If budget is not a problem, you can buy an reflex + lens AND a digital camera of course... :-)
If you want 8x10 prints, don't settle for anything below a 3 megapixel model. You can still squeak by under $500 for a decent camera...
But once you get hooked on digital, those $1000+ models start looking really good, really fast. ;)
At work I use an older Nikon Coolpix camera that produces lower resolution images but are also very high-quality. The problem with it is the battery life-- it uses 4 AA batteries that die within 15 minutes if you don't turn the camera off between shots. Nikon fixed this problem in some newer models but I think the problem persists in some too. If I were to buy a new one I'd get a model with a rechargable.
The ultimate baby has to be the forthcoming 6 megapixel Nikon D100....Mmmmmmm, sexy!
As for the original point. Buy whatever you need and can afford today. You will always end up waiting for the next technology.... It won't be too long before 5-6 megapixels with full movie modes are just a standard spec.
Out photos are primarily for memories and to show to/share with others. I like high quality pictures, and I do not doubt that 35mm SLRs can take a better picture. BUT, this does not mean that you will end up with better pictures! Invariably, someone blinks, or the lighting is not right, or something else goes wrong. The film-shooter can only guess that everything was right - or shoot the picture multiple times ($$$) just in case. The digital photographer can simply check the display to see if the result is what was desired - and/or simply take many pictures (no extra cost) of each subject to later select the keepers from. We commonly shoot the same subject with and without the flash to get the best shot.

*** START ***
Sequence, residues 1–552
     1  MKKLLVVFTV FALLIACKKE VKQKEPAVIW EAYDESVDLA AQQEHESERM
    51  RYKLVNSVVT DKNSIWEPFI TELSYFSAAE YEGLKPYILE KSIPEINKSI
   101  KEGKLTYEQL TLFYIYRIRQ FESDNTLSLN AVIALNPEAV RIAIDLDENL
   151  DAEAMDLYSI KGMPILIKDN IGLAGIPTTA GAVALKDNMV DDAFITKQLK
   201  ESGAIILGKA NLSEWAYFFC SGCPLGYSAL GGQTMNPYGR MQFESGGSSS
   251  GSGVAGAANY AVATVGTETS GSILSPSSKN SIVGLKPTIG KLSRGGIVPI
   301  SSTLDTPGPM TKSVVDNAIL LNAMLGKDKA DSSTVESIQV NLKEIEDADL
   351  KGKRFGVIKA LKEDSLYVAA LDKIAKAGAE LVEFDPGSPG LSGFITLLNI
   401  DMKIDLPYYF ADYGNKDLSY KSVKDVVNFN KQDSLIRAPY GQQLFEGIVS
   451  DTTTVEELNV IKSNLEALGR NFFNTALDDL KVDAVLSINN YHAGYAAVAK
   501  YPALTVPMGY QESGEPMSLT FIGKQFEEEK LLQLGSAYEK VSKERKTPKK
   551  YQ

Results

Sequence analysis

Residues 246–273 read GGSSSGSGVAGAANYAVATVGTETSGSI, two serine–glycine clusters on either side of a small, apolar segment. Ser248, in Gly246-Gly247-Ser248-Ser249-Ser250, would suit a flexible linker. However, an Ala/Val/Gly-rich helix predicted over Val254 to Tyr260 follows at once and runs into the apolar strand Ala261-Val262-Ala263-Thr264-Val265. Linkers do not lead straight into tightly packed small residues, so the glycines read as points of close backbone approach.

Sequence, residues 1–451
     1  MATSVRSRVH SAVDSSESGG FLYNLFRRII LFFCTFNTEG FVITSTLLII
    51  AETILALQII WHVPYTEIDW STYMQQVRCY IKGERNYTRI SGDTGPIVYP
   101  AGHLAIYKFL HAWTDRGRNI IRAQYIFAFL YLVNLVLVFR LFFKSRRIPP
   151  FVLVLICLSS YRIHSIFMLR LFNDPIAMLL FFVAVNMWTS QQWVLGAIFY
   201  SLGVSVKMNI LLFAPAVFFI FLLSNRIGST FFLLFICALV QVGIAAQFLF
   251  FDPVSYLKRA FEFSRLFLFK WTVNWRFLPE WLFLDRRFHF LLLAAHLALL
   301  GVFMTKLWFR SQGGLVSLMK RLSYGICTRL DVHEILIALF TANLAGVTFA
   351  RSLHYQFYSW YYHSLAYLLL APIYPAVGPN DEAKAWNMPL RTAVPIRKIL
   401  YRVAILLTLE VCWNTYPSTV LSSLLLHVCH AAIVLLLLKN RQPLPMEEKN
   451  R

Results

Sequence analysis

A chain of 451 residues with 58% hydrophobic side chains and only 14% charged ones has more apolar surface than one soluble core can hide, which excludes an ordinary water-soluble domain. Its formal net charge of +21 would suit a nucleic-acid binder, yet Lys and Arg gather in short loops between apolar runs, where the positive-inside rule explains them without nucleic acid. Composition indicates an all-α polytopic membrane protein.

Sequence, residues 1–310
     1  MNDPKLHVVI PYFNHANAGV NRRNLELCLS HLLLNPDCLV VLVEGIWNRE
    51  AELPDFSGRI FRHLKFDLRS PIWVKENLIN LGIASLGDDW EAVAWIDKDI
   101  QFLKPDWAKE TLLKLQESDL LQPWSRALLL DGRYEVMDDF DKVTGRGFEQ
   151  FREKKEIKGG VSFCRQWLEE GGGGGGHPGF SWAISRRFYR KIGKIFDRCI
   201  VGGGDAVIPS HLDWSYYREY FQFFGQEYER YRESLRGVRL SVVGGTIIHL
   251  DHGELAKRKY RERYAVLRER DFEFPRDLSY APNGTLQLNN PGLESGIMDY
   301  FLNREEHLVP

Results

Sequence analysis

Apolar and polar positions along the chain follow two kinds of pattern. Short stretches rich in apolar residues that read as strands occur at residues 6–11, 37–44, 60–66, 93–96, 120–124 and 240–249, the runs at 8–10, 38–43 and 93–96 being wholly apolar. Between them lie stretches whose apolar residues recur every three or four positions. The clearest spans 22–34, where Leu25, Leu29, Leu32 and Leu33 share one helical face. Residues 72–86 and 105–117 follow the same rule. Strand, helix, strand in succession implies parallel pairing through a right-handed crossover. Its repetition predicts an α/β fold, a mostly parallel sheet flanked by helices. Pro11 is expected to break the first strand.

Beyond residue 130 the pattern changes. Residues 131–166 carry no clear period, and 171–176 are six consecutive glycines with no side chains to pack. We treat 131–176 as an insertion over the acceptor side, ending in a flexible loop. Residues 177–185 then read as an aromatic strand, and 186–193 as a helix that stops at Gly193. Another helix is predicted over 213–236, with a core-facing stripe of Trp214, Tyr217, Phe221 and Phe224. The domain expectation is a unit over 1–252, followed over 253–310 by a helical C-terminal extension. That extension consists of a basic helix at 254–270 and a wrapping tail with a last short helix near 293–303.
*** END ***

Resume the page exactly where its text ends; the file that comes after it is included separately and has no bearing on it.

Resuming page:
Have you looked at your 10 year old photos lately? They are starting to yellow and look bad. Another 5 years and that wonderfull 35mm quality will be totally gone. You could get them reprinted from the negatives, but I've been told that negatives don't last very long either. And the reprint cost will be high. Your digital photos however will be on 100(?) year life expectancy CD-Rs and able to be displayed or printed as well as the day they were taken. Or copied for each of the children as they leave the house to start their own families. I won't get into the life-expectancy of the medium formats here, but digital originals should be copy-able onto the next big medium format.